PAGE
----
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Sexual Predator Demands Release: The Iowa Supreme Court ruled Friday in the Story County case of Harold Johnson, a convicted violent sexual predator currently serving in the state's violent sexual offender program. Johnson argued that his rights were violated because his February 2009 hearing was not within 60 days of when it was ordered as required by Iowa's state law. The hearing was to determine if Johnson was still at risk to commit sexually violent offenses. The supreme court ruled there is no provision for a sexual predator to be released if the deadline is missed. AP has this report. 

Arizona Man Sentenced to Death for Murder of Family: The AP reports a Maricopa County jury yesterday sentenced former businessman William Craig Miller to death for the murder of five members of a family, including two children. Miller shot two former employees-turned-police-informants to prevent them from testifying against him in an arson case, then shot three of their family members, ages 18, 15, and 10. Miller's defense attorney told the jury Miller suffered from bipolar disorder.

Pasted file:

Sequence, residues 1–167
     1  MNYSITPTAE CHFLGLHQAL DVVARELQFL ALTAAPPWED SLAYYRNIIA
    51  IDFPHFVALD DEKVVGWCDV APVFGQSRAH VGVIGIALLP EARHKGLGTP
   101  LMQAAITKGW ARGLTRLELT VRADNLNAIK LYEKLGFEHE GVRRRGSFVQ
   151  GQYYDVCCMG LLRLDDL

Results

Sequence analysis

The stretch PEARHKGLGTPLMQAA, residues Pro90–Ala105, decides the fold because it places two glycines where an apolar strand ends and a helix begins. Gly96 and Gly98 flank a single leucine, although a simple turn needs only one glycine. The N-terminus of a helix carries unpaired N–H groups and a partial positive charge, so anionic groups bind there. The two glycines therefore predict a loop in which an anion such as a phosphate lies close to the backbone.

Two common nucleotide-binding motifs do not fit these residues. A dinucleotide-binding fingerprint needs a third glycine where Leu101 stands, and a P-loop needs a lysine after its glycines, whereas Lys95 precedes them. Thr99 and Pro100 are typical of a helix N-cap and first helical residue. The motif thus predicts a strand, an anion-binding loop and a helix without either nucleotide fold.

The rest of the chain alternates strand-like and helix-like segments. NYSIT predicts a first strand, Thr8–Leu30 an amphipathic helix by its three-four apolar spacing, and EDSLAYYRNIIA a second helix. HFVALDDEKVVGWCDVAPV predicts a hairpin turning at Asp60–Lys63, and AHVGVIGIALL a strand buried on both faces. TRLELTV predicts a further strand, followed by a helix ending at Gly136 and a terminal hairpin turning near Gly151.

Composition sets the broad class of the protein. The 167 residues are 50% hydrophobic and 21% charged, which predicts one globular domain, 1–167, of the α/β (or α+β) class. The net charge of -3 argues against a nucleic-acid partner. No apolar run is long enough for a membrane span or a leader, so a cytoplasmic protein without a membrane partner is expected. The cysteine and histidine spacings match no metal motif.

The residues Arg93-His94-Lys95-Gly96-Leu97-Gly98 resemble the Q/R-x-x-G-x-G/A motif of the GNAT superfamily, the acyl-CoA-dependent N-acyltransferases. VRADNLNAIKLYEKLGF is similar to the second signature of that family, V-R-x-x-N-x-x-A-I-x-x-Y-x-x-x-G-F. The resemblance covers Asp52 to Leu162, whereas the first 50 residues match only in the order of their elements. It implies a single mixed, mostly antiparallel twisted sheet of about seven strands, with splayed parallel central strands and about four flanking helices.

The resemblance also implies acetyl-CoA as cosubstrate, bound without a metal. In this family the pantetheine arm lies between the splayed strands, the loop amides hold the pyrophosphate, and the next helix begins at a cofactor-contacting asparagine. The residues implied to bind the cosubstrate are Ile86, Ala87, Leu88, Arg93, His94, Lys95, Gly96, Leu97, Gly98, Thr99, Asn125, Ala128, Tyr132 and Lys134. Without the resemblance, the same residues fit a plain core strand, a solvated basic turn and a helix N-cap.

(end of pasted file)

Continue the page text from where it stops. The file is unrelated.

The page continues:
Texas Ends Final Meal Tradition: In response to complaints from a prominent Texas state senator, Texas has put an end to its special final meals for condemned inmates, reports the AP. The controversy began when Lawrence Brewer, executed on Wednesday for the dragging death of James Byrd Jr. in Jasper, Texas, asked for two chicken fried steaks, a triple-meat bacon cheeseburger, fried okra, a pound of barbecue, three fajitas, a meat lovers' pizza, a pint of ice cream, and a slab of peanut butter fudge with crushed peanuts. Brewer didn't eat any of it. Condemned inmates will now receive the same meal served to other offenders on the unit.

Blinked Testimony Allowed: WLMT News 5 reports a Cincinnati judge agreed to allow testimony from a now-deceased man who identified a murder suspect by blinking his eyes. Prosecutors say they videotaped paralyzed victim David Chandler from his hospital bed, where he indicated by blinking that Ricardo Woods shot him. "I find from the totality of the circumstances based on Ohio law and the facts as I found them that the identification is reliable and there is not a substantial likelihood of misidentification," said the judge.

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